of his due process rights, his rights to be free from excessive
interference with family relationships, and his rights to speak
freely about the defendants’ conduct. Mazzetti requests the same
relief as Count 3.
6. Section 1983 claim by the defendants named in Count 3 for
violations of Mazzetti and D.M.’s rights under the First and
Fourteenth Amendments for retaliating against Mazzetti’s
opposition to defendants’ unlawful conduct and depriving him of
equal protection of the law. Count 6 requests the same relief as
7. Claim of violations of Mazzetti’s rights under Title II of the
American with Disabilities Act, 42 U.S.C. § 12131-12165, by the
defendants named in Count 3 for failing to provide Mazzetti with
services to protect his rights and using his disability as a means to
deprive him of those rights. Count 7 requests the same relief as
8. A habeas corpus petition under 28 U.S.C. 2254. Mazzetti
demands that defendants either demonstrate lawful jurisdiction
and custody over D.M or return D.M. to his custody.
This Motion to Dismiss
On April 1, 2015, defendants moved to dismiss the complaint under
Rules 12(b)(1) and 12(b)(6), Fed. R. Civ. P. They argue that the complaint as a
whole should be dismissed on jurisdictional grounds. Failing that, they assert
immunity grounds specific to individual defendants. Failing that, they suggest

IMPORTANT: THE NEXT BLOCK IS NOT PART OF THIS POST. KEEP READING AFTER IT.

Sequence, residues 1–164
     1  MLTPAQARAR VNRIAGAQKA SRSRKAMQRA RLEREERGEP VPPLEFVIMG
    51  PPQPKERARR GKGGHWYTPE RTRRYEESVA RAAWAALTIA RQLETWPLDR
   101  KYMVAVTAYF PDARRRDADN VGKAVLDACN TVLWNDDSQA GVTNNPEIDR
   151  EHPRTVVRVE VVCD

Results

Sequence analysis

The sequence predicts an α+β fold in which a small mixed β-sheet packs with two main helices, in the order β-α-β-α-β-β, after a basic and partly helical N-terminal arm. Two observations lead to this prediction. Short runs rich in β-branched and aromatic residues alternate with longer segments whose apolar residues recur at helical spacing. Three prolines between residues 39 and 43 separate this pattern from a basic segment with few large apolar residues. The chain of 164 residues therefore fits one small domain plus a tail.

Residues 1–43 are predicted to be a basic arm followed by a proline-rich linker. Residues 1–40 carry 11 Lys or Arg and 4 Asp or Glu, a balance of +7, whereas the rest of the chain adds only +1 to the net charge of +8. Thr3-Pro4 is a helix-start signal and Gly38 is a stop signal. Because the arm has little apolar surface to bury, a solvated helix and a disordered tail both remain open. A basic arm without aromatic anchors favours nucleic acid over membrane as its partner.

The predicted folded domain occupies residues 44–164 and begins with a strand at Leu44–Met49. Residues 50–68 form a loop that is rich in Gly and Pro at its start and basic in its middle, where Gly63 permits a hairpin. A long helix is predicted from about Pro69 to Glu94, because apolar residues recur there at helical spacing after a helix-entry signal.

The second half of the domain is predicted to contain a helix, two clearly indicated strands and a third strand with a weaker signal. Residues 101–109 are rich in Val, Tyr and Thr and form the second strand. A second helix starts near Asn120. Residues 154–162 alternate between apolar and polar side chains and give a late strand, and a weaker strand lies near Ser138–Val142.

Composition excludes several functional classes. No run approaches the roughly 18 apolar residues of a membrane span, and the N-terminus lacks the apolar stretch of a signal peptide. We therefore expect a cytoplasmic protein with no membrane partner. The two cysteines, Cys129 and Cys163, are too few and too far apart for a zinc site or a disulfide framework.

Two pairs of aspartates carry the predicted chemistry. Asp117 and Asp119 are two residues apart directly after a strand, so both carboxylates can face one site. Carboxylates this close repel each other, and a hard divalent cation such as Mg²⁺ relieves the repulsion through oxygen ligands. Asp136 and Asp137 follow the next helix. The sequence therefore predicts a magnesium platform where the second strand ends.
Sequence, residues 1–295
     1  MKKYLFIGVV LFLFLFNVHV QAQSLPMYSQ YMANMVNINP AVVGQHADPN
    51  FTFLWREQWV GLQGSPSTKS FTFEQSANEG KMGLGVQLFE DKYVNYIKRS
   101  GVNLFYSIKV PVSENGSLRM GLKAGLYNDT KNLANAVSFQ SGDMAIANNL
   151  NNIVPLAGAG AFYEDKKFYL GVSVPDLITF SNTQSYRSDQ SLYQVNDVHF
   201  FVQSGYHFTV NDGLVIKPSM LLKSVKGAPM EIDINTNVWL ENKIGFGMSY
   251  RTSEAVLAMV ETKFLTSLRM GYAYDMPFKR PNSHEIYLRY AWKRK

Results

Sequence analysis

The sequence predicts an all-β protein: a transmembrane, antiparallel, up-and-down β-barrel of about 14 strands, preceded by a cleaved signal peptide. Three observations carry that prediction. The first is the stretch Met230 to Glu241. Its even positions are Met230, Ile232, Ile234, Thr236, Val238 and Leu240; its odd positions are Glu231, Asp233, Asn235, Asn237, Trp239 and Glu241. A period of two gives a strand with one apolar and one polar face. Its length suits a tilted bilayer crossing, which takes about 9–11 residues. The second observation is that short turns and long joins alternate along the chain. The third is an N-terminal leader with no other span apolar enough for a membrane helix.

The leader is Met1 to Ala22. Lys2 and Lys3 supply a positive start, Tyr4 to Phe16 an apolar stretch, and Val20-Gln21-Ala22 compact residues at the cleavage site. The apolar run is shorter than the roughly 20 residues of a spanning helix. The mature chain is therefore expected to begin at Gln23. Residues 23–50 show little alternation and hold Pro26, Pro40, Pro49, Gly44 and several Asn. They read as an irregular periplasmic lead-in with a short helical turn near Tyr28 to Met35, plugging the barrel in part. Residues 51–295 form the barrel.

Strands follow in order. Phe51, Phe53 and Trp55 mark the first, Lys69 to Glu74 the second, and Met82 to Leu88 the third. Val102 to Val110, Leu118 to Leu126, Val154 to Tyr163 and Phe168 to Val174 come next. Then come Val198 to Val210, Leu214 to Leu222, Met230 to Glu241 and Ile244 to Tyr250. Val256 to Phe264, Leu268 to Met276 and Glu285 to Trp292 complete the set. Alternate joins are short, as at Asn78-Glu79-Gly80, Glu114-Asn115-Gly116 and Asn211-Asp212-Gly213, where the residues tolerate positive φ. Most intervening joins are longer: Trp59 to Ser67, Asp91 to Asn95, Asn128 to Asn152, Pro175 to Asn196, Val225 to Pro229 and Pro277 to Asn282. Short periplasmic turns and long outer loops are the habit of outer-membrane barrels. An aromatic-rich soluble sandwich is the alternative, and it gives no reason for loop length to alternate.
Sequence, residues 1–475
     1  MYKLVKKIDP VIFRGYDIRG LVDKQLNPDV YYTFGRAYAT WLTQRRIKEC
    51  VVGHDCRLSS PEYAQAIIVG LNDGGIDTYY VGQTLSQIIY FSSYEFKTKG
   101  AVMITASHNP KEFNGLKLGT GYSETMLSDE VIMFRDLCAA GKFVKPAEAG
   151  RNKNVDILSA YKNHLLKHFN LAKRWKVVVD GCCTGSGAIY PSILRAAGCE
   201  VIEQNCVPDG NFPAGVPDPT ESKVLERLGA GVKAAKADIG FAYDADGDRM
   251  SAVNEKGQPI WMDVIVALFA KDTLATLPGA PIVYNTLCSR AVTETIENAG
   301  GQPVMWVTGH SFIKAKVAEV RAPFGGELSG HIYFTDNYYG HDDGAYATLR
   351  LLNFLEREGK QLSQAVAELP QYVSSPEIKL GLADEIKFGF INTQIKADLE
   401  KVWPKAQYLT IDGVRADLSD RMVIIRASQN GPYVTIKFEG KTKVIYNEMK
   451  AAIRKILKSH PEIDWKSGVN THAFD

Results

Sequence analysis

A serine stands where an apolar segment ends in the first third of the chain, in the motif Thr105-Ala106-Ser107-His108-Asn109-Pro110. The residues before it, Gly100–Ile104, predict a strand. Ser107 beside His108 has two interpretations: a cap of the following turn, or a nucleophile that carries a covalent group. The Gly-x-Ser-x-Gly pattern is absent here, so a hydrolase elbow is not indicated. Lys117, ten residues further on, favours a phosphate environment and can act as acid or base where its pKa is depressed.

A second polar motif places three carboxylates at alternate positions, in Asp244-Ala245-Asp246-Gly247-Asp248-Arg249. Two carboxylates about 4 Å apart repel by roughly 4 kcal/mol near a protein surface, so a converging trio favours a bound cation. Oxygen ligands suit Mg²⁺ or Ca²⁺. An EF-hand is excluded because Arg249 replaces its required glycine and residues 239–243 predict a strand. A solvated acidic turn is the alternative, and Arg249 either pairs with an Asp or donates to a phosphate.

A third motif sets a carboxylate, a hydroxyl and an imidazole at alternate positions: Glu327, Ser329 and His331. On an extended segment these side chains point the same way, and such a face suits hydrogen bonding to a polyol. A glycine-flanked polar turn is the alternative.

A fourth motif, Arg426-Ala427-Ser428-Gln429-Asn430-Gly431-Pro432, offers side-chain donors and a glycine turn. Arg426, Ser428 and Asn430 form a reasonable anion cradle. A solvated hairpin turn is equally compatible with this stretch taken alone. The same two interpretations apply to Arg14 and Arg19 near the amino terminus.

that various counts of the complaint fail to state a claim. I have analyzed the
claims in that order.
Sections II and III of this Opinion discuss jurisdiction and the merits
in relation to Counts 1—7. Count 8, a habeas petition, is discussed separately
in Section IV. The net result is that, except for the First Amendment retaliation
claim (Count 6) as against defendants Zapata and Roberts, the complaint will
SUBJECT MATTER JURISDICTION
A motion to dismiss for lack of subject matter jurisdiction under Fed.
R. Civ. P. 12(b)(1) may be raised at any time. lowana v. Ford Motor Co., 67 F.
Supp. 2d 424, 437-38 (D.N.J. 1999). Rule 12(b)(1) challenges may be either
facial or factual attacks. See 2 Moore’s Federal Practice
§ 12.30 (3d ed.
2007); Mortensen v. First Fed. Say. & Loan Ass’n, 549 F.2d 884, 891 (3d Cir.
1977). A facial challenge asserts that the complaint does not allege sufficient
grounds to establish subject matter jurisdiction. Iwanowa, 67 F. Supp. 2d at
438. A court considering such a facial challenge assumes that the allegations
in the complaint are true, and may dismiss the complaint only if it nevertheless
appears that the plaintiff will not be able to assert a colorable claim of subject
matter jurisdiction. Cardio--MecL. Assoc., Ltd. v. Crozer—Chester Med. Ctr., 721
F.2d 68, 75 (3d Cir. 1983); Iwanowa, 67 F. Supp. 2d at 438. “With respect to
12(b) (1) motions in particular, ‘[tjhe plaintiff must assert facts that affirmatively
and plausibly suggest that the pleader has the right he claims (here, the right
to jurisdiction), rather than facts that are merely consistent with such a right.”
In re Schering Plough Corp. Intron/Temodar Consumer Class Action, 678 F.3d
235, 244 (3d Cir. 2012) (quoting Stalley v. Catholic Health Initiatives, 509 F.3d
517, 521 (8th Cir. 2007)). See generally Lincoln Ben. Life Co. v. AEILfe, LLC,
800 F.3d 99, 105 (3d Cir. 2015) (discussing distinctions between facial and
Defendants argue that Mazzetti lacks standing to pursue the
injunctive relief he seeks. Mazzetti, recall, requests “an order requiring [an]
explicit instruction and policy be made requiring DYFS workers to refrain from
abuse of process.” (Compi. ¶j 240, 247) But Mazzetti’s parental rights have
already been terminated, and he does not identify any likelihood that he would